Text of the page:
Blackinton a World Series champ
June 9, 2008 · Updated 8:07 PM
When Jeff Blackinton walked onto the field in Houston for Rice baseball tryouts four years ago, he didnt even have a catchers mitt.
Monday night, he left Rosenblatt Stadium in Omaha, Neb. -- the site of this years College World Series -- as a contributor in the first NCAA sports title in Rice history when the Owls soundly defeated Stanford 14-2.
I definitely wouldnt be on the team if it wasnt for catching, said Blackinton. I caught when I was nine, but I didnt catch again until I was a sophomore in high school. Ever since then, its been my thing.
But certainly not his only thing.
He also finished 2003 with a bachelors degree in biochemistry, a 3.72 GPA, an Academic All-American Award and the opportunity to pursue his doctoral studies in Sweden next year.
Blackinton, a senior catcher who was Rice standout pitcher Philip Humbers regular backstop during the 2002-03 season, went 1-4 as a designated hitter in Monday nights championship game, with one RBI.
Despite that respectable performance, it may have been his setup last Wednesday night against Texas that garnered the most praise.
With the game tied at four apiece, DH Blackinton led off the bottom of the ninth inning with a hard grounder to Longhorn second baseman Tim Moss, who couldnt handle the ball. Rices Matt Cavanaugh came in to pinch run for Blackinton.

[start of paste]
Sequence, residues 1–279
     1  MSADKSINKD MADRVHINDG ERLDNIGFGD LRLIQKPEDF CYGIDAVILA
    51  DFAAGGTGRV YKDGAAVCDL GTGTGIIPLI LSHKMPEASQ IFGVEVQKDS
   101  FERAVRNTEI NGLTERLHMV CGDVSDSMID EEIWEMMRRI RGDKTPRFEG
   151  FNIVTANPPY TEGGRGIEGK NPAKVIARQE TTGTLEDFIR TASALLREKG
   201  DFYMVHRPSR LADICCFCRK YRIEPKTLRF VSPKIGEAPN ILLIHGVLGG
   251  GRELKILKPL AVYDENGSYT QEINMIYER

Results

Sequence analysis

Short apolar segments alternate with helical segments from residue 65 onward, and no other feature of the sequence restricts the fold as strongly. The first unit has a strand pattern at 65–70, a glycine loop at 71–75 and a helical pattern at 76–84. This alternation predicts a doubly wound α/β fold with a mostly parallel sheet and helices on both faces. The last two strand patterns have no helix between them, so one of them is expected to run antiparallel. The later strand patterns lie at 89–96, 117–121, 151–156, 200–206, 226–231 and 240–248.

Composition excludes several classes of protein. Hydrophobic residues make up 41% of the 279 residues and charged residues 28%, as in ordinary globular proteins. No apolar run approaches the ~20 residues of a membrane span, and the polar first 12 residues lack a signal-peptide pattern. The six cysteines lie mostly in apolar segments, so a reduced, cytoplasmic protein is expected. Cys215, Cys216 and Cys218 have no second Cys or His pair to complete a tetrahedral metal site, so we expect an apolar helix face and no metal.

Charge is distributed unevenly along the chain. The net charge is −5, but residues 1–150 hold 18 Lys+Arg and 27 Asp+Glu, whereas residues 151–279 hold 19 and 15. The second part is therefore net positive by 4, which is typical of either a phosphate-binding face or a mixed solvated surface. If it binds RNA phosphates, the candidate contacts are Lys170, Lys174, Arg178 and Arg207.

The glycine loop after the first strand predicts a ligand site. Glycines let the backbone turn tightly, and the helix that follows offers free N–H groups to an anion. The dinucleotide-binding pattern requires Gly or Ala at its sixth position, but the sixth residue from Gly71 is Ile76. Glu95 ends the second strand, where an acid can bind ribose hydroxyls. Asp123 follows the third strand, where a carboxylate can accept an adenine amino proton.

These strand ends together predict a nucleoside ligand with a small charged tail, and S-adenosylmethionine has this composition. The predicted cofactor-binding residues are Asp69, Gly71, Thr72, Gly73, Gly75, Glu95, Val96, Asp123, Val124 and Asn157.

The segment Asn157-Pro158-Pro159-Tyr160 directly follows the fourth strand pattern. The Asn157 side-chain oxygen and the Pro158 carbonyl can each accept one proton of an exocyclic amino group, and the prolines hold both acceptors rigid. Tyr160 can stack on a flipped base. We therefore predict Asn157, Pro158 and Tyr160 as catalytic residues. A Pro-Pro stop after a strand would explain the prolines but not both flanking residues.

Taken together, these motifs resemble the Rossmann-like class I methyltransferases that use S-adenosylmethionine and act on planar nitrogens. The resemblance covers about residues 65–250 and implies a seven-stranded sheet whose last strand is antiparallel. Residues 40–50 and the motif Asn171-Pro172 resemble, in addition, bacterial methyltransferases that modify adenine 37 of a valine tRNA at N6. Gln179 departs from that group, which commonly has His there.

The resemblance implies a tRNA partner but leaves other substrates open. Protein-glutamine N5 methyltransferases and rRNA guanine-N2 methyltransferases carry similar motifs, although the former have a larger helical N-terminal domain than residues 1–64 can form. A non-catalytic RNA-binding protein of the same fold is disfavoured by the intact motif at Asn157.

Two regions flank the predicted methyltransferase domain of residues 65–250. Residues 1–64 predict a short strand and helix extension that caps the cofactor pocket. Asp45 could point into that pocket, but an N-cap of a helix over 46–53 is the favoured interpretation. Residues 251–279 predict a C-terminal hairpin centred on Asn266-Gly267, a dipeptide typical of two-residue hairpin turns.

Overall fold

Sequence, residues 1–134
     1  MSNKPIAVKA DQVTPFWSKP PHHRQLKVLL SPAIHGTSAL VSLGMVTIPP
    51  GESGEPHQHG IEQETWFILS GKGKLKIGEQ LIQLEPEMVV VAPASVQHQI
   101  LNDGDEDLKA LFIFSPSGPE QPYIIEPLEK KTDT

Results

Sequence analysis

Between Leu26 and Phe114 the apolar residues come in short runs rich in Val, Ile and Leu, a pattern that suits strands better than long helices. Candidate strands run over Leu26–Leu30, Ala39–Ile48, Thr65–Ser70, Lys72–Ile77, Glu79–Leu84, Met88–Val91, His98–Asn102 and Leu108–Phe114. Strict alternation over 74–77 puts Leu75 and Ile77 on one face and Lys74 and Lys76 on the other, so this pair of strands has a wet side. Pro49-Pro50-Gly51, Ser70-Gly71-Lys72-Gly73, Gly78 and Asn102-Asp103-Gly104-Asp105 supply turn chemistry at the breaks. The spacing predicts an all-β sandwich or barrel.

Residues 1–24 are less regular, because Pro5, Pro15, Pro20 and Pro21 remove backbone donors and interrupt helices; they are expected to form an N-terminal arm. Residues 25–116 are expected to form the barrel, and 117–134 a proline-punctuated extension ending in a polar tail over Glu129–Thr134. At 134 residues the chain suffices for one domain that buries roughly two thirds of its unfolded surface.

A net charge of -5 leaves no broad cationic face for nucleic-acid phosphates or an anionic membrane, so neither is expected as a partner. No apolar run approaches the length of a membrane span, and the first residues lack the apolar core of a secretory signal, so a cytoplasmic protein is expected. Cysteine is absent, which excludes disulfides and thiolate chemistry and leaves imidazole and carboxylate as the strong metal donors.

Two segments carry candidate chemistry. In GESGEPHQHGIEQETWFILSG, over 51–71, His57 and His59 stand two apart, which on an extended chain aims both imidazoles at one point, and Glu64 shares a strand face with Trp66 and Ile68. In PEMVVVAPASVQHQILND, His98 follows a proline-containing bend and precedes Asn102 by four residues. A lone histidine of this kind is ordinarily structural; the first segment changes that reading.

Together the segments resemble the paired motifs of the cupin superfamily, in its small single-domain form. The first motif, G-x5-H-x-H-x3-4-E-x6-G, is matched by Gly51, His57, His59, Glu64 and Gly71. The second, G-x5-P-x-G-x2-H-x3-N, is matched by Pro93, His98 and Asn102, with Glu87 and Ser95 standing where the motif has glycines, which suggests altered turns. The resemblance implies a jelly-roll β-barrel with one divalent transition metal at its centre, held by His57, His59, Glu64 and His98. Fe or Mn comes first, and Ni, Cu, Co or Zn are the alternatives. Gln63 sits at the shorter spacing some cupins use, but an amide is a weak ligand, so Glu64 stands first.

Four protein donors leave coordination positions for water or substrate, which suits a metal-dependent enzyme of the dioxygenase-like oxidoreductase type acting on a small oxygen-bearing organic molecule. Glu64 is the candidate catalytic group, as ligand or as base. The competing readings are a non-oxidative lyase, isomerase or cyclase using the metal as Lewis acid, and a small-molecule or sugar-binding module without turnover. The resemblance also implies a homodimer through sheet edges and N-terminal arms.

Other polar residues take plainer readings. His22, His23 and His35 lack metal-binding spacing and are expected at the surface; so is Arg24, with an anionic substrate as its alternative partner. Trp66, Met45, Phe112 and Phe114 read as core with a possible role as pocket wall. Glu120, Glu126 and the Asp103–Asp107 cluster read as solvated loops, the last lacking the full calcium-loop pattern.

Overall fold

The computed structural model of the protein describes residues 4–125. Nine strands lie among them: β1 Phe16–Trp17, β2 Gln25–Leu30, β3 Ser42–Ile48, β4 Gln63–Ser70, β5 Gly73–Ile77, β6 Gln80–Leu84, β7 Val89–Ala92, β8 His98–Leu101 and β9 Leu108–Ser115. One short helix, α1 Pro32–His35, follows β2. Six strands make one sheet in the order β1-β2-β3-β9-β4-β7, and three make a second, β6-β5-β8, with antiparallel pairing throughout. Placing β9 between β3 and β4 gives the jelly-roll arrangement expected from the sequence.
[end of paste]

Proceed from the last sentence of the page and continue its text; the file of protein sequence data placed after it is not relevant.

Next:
Two batters and a sacrifice bunt later, senior catcher Justin Ruchti singled home the pinch runner for the 5-4 victory that sent the NCAA Division I defending champion Longhorns back to Austin -- and the jubilant Owls to the final round of the College World Series.
Even with a demanding schedule of games during the regular season, Blackinton has successfully balanced baseball and book work during his college career.
After the Western Athletic Conference Super Regionals in early June, he was named to the Academic All-District team.
The senior was also a third-team selection for the Verizon Academic All-America baseball teams, which recognizes student-athletes who have succeeded on the field and in the classroom. Individuals are selected by votes from CoSIDA, the 1,800-member College Sports Information Directors of America.
To be eligible, an athlete must be a varsity starter or key reserve and maintain a cumulative GPA of at least 3.20.
Blackinton, who graduated from BHS in 1999, was a three-year letterman for baseball coach Mike Reese, and led the Spartans to a 19-2 season and the state playoffs.